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Retrospective: Interstate 275, Cincinnati's Outer-Loop (Ky.)

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Interstate 275 in Kentucky

The above URL has 20 archived photographs from the Kenton County Public Library.

Also see -

Caroll C. Cropper Bridge (Interstate 275)

Combs-Hehl Bridge (Interstate 275)

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Planning for Interstate 275 in Kentucky dated back to the 1950s, when northern Kentucky officials envisioned an outer-belt for the congested Cincinnati metropolitan area. [3] Cincinnati officials had been planning for an outer-belt as well to link U.S. Route 25 in Clermont County on the east to U.S. Route 50 in Cleves to the west. [5] It was not until November 1961 that Cincinnati's plans and Boone County's plans were merged into what was proposed then as the Greater Cincinnati Metropolitan Area By-Pass. On August 10, 1962, it was announced that President John F. Kennedy had given his support to the project, and in August, a Kentucky Post article detailed out the route's alignment. [4]

Construction on the first segment began in April 1968 with the letting of the first project of the western Interstate 275 Ohio River span, later named after longtime Boone County Judge Carroll E. Cropper. The first contract for Interstate 275 sans the western Ohio River bridge was let on January 16, 1970. [4] The four-level stack interchange was the only one of its kind in the Commonwealth, opening in early 1976 at a cost of $15 million. [3]

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^ Taken not long after the interchange opened. The above asphalt pavement is Interstate 71/75 before reconstruction of the pavement occurred in conjunction with the Dixie Highway interchange reconfiguration and widening.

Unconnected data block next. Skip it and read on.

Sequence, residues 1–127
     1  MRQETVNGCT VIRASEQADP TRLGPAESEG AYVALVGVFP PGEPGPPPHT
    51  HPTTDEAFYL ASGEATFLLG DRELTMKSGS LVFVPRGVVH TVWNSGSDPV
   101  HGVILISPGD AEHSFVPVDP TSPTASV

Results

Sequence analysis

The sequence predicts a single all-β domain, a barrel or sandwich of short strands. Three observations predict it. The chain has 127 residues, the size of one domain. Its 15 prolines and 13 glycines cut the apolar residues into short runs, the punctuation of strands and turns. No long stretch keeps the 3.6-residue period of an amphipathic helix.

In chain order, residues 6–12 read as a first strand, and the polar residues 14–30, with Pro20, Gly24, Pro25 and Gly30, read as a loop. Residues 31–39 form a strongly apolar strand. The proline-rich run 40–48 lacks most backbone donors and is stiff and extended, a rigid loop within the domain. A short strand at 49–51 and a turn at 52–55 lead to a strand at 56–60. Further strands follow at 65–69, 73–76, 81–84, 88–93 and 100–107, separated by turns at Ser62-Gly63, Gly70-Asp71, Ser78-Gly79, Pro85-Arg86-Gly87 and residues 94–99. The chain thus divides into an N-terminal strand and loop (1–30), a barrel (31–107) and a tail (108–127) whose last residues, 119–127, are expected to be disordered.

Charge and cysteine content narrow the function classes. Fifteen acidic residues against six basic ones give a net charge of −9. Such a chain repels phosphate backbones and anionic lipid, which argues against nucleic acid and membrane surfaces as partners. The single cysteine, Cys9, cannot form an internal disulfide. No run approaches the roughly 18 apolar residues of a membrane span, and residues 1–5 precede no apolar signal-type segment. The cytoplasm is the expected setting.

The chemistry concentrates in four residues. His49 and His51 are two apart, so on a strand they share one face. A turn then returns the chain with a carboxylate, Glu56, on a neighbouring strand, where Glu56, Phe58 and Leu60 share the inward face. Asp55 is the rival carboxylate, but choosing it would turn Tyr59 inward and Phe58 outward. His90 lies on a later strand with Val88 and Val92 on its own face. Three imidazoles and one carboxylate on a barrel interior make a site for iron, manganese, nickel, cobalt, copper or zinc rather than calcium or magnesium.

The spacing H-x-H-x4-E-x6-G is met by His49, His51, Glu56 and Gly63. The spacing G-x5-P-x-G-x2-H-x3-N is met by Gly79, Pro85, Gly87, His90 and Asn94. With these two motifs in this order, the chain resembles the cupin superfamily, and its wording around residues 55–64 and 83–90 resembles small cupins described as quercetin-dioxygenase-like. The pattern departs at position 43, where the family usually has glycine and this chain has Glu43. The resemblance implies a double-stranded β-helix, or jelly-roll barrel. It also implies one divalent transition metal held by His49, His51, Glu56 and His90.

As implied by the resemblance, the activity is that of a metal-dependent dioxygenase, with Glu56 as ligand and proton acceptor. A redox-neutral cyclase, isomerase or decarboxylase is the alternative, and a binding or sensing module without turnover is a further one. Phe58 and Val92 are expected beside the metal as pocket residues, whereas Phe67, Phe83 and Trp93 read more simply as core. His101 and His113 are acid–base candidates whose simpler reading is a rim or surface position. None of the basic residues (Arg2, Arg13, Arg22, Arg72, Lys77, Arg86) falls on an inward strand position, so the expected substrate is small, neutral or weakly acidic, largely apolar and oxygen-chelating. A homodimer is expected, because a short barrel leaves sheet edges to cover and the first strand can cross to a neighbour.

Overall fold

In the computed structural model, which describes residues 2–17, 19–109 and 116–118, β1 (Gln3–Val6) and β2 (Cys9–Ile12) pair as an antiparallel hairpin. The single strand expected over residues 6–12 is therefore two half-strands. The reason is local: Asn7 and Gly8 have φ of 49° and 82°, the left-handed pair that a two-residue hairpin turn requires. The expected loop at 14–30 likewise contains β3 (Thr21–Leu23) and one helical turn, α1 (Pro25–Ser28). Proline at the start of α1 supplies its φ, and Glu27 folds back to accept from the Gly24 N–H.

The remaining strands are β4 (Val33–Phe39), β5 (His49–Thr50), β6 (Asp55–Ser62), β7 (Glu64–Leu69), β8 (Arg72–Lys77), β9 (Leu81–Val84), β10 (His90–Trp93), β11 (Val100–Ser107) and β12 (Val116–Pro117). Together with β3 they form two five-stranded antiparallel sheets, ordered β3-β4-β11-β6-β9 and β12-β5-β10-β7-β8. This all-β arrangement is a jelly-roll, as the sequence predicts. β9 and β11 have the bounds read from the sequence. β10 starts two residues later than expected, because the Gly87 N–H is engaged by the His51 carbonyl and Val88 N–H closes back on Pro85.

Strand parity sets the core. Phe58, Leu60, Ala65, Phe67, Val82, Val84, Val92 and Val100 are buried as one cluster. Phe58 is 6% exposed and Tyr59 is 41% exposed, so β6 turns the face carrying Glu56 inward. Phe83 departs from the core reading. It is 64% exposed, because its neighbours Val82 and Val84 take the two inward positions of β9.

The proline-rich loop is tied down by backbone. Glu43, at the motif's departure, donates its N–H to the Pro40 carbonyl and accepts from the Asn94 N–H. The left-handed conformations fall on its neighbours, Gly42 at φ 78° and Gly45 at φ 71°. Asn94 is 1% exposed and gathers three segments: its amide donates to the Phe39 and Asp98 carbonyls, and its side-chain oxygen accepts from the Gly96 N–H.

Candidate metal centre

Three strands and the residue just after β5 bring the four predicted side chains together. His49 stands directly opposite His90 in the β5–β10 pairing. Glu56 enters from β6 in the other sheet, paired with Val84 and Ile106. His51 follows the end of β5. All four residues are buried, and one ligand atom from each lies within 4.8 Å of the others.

The Licking River bridge, between the Taylor Mill Road and the AA Highway (Kentucky Route 9) interchanges, opened on February 3, 1976 at a cost of $1.4 million for the piers and $6 million for the structure and deck. [4] An $8 million contract for 1.5 miles of grading and drainage work was let on May 1971 for interstate highway construction on both sides of the river crossing. Construction on the bridge itself began on January 1, 1973, with the piers extending 126- to 130-feet above the ground. By June 1974, the piers were completed. Flooding, bitter winter storms and Congressional funding delays had offed the project by more than a year.

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^ Licking River crossing is in the background.

The last segment of highway in Kenton County to open was on November 10, 1977 from the Dixie Highway to Taylor Mill Road in Kenton County, but the last segment in the county to be dedicated was the western section of Interstate 275, which occurred on December 6, 1977. [3] The gala opening included three governors, Julian Carroll of Kentucky, James Rhodes of Ohio and Otis Bowen of Indiana. A large snowstorm closed the interstate, however, and the event was held at the Northern Kentucky Airport. But because of the inclement weather, only Carroll and Rhodes were able to attend; the Indiana governor was snowed in at the Indianapolis airport. Someone at the event suggested traveling out to the bridge to cut the ribbon, but because the roads were impassible, Governor Rhodes suggested that the ceremonial ribbon to be cut at the airport.